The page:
By Robert Hawkes
The municipal election takes place on Saturday Oct 20, 2018. Polls will be open from 8 a.m. to 8 p.m. Voting locations in James Bay are James Bay Community School, 140 Oswego Street and James Bay New Horizons Centre, 234 Menzies Street.
As well as voting for a Mayor, eight Councillors (including three to also serve on the Capital Regional District Board) and nine School District Trustees, a nonbinding opinion vote will be held with the following question:
“Are you in favour of spending up to $250,000 for establishing a Citizen's Assembly to explore the costs, benefits, and disadvantages of the amalgamation between the District of Saanich and the City of Victoria?”
The City of Victoria is using the British Columbia voters list from the last provincial election for the 2018 municipal election. If you are registered, you should have received a voter card in late September. While it is helpful to take this card with you to the polls, it does not count as your piece of required voter identification.
If your name is not on the voter list, you can still vote by presenting yourself at a polling place on election day. You will need to declare that you live in the area, and support that with two pieces of identification, one of which shows your address and one that has your signature. Those who are already registered need only a single piece of identification, provided it is one of the preferred types (a photo BC Services Card, BC Identification Card, BC Driver's Licence, or Certificate of Indian Status). Details on identification options are given at the link below.
You are eligible to vote if you are a Canadian citizen, at least 18 years old, a resident of British Columbia for at least six months, have lived in this area for at least 30 days, and are not disqualified from voting. Therefore, if you moved here from another province a few months ago you are not eligible, but if you moved here at least a month before the election from another place in British Columbia you are eligible to vote here. People are disqualified from voting if they have been found guilty of an indictable offence and are in custody, or if they have been found guilty of an election offence.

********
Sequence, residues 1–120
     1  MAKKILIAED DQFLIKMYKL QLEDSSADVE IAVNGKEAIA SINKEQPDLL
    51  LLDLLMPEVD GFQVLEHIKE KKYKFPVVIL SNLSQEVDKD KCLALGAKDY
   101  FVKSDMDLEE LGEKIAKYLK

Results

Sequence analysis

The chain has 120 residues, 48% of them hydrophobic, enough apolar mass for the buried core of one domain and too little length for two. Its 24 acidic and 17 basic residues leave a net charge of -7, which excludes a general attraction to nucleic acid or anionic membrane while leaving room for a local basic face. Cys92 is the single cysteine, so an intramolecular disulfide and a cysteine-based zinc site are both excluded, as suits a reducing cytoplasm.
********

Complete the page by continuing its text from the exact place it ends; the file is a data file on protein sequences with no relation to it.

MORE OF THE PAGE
The following statement applies to student voters. "Students who live in one jurisdiction and attend an educational institution in a jurisdiction different from their usual place of residence may vote only once-either in the jurisdiction where they attend school or in the jurisdiction that is their usual place of residence."
British Columbia also allows non-resident property owners to vote in municipal elections. For example, a person who lived elsewhere in British Columbia, but owned property in Victoria, could vote here. "When a person lives in one jurisdiction and owns property in one or more other jurisdictions, they may vote once in each of the other jurisdictions where they own property - as long as they meet the voter eligibility requirements." In the case of jointly owned properties only a single voter can be designated, and corporate owned properties are not allowed to designate a voter. Non-resident property owners who are not residents of British Columbia or who are not Canadian citizens, are not eligible to vote.
If you have other questions about how to vote, visit the website https://www.victoria.ca/EN/main/city/municipal-election/information-for-voters.html, telephone 250.361.0571, or email email@example.com. The following provincial site provides additional information on voter eligibility: https://www2.gov.bc.ca/gov/content/governments/local-governments/governance-powers/general-local-elections/voter-eligibility-voting
In the previous municipal election (2014), 39.1% of the 63,084 registered voters in Victoria cast a vote. Each vote is important, so do exercise your right. In the last election, 89 votes separated the top two candidates for mayor, while 33 votes separated the highest unsuccessful candidate for school trustees from those elected.